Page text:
Irene Fehr: 01:17:12 I love this couple of them, so I'm just going to use pseudonyms for their names. And they, they're in their early forties, those entrepreneurs and they had been together for a leaving was a seven or eight years and they had a year old year old child and they were really stuck in their sex life. Um, it was very hard before the child was born. And then it was just incredibly hard with a one year old and all the stress that comes from that. And they were truly on the brink of divorce, on really doubting. Like I don't, they didn't think they could survive. They didn't think that they could sustain not only a sexless relationship, but also the resentment, the hurt, the disappointment from that. They were both coaches. So I had so much fun working with them or so, you know, they, they, they, they had done so much work already, so it was, um, it was really fun.

Irene Fehr: 01:18:15 But here's, here's what I want to share about what happened for them, which was just really, really powerful is they were always strapped for time with the one year old and two businesses. Um, you know, in starting stages that's a lot to handle. And in the beginning we just, they just really struggled to make time for themselves, which of course had this negative cycle. And by the time we finished working together, they added two, three hours to their day. How did this happen? Well, I taught them about specific into intimacy touch and sexual practices that were not sets that had them connect to each other that had been feel close to each other, that had them feel like their partner is there with them and not just like a burden, not, not adding onto their day. They started doing this practices for only 15 minutes a day and started to feel closer together, started to feel more energized, started to fill up from that connection, from that touch, from that place of being seen by their partner and appreciated and loved up.

Irene Fehr: 01:19:33 And that literally added two hours to their day because they were fighting less. They had more energy, they got better at prioritizing what's really important and kicking them out, what wasn't. And yeah, they have more time to be with each other, to be with their child, to enjoy life. And that's the power of looking at sex differently, knowing that you can create a life that works for you. You don't have to default to it, you don't have to just take it, you get to create it, which is really what I teach is how to create what it is that you want. And it was just so powerful to hear that and to celebrate that. And, and I sought seemed that in my own life when I get nourished and fulfilled in my relationship, that the world sorts of stuff out and it was magical ways and like it's so much easier and I just loved, loved working with them and loved seeing those results with them.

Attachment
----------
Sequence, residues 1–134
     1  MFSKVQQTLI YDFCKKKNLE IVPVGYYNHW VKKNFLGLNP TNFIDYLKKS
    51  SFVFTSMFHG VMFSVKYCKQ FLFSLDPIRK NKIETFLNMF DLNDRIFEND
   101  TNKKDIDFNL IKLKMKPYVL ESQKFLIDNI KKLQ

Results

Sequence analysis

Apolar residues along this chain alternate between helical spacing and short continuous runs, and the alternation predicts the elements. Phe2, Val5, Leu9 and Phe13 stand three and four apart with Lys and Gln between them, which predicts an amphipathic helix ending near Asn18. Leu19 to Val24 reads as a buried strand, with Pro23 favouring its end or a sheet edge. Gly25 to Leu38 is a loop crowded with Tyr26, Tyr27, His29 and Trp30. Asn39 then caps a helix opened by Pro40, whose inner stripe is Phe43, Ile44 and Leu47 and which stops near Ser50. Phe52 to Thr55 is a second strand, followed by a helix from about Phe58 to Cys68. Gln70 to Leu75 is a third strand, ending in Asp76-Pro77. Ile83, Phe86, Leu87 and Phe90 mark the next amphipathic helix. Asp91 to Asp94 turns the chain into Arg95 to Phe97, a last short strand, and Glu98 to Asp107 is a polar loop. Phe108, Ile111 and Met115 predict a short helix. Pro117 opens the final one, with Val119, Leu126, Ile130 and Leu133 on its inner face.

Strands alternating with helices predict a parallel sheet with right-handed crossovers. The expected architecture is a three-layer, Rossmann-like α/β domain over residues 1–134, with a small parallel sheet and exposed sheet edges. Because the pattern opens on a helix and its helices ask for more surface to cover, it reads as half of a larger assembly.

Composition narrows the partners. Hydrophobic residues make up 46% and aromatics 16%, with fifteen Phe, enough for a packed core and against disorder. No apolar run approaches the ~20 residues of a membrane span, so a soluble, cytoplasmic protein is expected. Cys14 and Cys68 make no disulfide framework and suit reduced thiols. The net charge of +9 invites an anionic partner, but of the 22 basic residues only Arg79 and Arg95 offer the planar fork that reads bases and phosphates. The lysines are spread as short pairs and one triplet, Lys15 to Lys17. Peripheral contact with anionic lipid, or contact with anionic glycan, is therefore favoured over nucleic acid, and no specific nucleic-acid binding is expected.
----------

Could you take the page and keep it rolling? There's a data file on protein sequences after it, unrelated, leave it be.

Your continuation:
Irene Fehr: 01:20:35 Wow. I'm going to start winding it down now. We're getting to that point and thank you so much. So you brought the heat. I mean this is just fantastic. I'm so many things I'm thinking about, I mean the microwave or the oven, I'm still just loving that. One of the things I wanted to ask you about is how do you now you know, doing this work, you know, so intently and this is your career, this is your, your passion and your mission. How do you separate your work and what you have to, cause I know I have several friends that are therapists and I'm curious how, because this is such an important thing to you as a mission for others, but it stemmed from the work that you did for yourself to become whole and to move forward. And how do you separate that? Because you know it's not there.